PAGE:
Like many of the finalists, the Miami Pearl is extremely flexible. It can be towed to other parts of the bay or even other coastal cities, and it’s simple, modular structural system means that it can be configured for a variety of programs and events. Its designers envision movies being projected onto its façade from shore, a partially submerged half-sphere that’s ideal for observing water events in the bay, and traditional theater-in-the-round arraignments.
A strong sense of geometric, sculptural abstraction is something else the winning entry shares with the other finalists. In addition to the “Miami Pearl,” the other entries include a helium-filled floating disk canopy, a hexagonal volume that unfolds into a skateboarding park, self-propelled funicular stage canopies, and a steel and Plexiglas cube that uses pumps to propel water over its edges, creating a liquid façade.
Sea breezes and sails
Miami Marine Stadium’s spectacular structural system consists of eight bays of exuberant hyperbolic paraboloids that cantilever over the seats. Unlike other stadiums, this one’s “playing field”—designed for speed boat racing—is a one-mile by quarter-mile man-made lake dredged out of Biscayne Bay. A 28-year-old named Hilario Candela designed the structure and went on to become president of Spillis Candela & Partners, and an AIA Fellow.
“I have always been in love with the setting right next to the water, which was a significant and daily presence in our lives when I was growing up in Havana,” says Candela, who is now president of C-Group Furnishings. “The influence was not only the relationship between the building, the water, and the city, but I marveled at how when the sea and the land come together, they almost kiss each other. When a light breeze comes over the sea and creates beautiful ripples, the geometry and shape they express are very consistent with sails. These were very much in my mind.”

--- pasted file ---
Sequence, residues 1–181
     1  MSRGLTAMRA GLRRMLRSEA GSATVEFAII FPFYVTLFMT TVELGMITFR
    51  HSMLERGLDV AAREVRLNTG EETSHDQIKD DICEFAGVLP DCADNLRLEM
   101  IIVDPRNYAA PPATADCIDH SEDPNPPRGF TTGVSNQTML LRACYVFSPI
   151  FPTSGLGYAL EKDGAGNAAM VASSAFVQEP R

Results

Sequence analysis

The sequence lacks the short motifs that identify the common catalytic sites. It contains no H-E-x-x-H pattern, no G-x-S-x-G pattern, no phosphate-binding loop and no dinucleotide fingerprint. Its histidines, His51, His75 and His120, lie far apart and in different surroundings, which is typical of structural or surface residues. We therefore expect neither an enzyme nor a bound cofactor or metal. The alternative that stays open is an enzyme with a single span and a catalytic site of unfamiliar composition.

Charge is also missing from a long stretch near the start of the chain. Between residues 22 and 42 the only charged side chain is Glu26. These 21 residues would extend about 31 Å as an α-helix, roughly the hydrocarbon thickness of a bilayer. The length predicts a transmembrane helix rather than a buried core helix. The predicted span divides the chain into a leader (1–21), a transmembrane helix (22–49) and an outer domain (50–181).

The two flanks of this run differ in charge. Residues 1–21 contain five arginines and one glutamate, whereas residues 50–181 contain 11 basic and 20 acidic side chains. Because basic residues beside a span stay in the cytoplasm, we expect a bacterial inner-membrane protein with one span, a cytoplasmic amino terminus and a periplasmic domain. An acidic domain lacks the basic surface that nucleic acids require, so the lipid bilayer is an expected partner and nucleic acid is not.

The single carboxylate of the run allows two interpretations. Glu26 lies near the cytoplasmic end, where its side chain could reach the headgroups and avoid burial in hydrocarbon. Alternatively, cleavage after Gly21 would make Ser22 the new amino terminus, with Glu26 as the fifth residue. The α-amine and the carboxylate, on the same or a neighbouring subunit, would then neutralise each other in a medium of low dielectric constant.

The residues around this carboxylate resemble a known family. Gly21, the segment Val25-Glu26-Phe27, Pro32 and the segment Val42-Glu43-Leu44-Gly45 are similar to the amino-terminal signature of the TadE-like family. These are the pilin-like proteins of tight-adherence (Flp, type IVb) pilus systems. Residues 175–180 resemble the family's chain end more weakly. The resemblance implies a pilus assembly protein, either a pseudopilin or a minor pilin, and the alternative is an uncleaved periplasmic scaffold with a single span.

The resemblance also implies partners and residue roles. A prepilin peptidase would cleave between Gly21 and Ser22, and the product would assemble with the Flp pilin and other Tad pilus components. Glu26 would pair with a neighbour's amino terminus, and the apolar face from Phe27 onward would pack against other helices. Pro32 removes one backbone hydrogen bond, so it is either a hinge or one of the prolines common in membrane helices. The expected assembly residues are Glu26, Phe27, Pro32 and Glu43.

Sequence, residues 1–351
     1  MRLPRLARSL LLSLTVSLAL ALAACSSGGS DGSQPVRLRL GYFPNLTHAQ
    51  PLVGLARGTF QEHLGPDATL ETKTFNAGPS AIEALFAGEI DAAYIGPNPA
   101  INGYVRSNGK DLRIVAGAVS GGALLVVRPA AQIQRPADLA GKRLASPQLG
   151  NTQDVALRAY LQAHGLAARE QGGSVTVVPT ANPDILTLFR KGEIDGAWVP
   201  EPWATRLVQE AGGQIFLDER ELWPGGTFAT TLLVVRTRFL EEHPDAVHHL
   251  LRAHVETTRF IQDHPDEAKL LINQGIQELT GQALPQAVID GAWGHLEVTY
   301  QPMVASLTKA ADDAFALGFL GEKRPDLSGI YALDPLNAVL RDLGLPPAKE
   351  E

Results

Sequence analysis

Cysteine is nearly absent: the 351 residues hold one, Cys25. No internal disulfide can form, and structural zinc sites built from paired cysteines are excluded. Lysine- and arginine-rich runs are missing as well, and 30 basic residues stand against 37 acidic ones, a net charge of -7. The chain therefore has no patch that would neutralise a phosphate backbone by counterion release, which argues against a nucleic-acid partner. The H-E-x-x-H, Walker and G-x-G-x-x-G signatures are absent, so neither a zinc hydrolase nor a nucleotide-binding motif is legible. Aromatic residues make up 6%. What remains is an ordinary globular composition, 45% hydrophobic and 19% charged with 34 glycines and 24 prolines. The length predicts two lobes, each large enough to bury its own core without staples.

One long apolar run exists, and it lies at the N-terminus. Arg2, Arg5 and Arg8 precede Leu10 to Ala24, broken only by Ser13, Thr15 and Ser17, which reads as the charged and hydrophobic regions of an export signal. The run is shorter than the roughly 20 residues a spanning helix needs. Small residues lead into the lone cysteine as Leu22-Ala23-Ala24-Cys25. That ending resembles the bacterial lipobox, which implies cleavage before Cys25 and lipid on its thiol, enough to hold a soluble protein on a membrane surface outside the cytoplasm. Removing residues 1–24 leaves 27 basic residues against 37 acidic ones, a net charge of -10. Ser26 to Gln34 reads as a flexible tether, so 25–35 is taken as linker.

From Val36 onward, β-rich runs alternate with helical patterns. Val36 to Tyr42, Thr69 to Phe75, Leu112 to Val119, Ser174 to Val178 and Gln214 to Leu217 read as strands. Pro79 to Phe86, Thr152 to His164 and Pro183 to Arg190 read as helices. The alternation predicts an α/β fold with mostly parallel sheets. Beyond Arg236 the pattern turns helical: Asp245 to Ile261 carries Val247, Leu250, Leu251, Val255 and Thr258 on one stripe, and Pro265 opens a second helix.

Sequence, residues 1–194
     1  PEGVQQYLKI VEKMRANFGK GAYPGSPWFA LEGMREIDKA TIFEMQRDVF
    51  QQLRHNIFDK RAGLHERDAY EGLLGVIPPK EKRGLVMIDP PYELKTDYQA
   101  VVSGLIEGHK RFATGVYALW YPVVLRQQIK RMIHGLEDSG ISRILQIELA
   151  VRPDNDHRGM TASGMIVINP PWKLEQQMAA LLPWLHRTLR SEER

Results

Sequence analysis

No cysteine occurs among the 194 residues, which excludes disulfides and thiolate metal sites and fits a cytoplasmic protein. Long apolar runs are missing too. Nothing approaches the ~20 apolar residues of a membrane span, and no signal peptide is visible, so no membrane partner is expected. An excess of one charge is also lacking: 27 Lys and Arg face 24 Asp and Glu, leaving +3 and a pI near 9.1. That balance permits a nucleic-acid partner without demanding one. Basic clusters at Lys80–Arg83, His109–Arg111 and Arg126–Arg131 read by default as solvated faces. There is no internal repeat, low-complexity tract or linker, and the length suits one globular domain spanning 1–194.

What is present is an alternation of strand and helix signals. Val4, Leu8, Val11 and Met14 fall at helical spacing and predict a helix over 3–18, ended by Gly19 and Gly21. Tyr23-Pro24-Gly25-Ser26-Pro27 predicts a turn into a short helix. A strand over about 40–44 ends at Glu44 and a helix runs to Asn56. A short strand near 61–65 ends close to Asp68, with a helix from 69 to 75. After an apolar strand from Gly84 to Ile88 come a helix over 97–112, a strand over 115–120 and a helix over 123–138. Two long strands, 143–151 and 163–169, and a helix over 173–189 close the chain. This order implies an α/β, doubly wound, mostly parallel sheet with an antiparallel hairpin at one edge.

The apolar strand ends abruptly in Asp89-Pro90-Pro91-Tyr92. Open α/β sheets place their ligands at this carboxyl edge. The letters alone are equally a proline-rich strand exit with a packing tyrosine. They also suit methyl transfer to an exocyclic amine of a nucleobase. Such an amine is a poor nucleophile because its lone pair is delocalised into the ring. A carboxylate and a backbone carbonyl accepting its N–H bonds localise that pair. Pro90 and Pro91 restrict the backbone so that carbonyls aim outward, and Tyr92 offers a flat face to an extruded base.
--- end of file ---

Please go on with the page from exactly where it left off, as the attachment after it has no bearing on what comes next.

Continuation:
After it became clear that speedboat racing alone would not sustain the stadium’s operations, the venue became a location for concerts, rallies, Easter sunrise services, and occasionally movie sets. “I think if a building can change to meet the demands of the people who use it, it is the mark of a good design,” says Candela.
Despite its popularity, years of deferred maintenance took their toll. After Hurricane Andrew struck in 1992, the City of Miami received a $1 million FEMA grant to demolish it. But, the city’s own insurance company found that there was no hurricane-related damage, and blocked the wrecking balls. Miami returned the FEMA money and shuttered the stadium.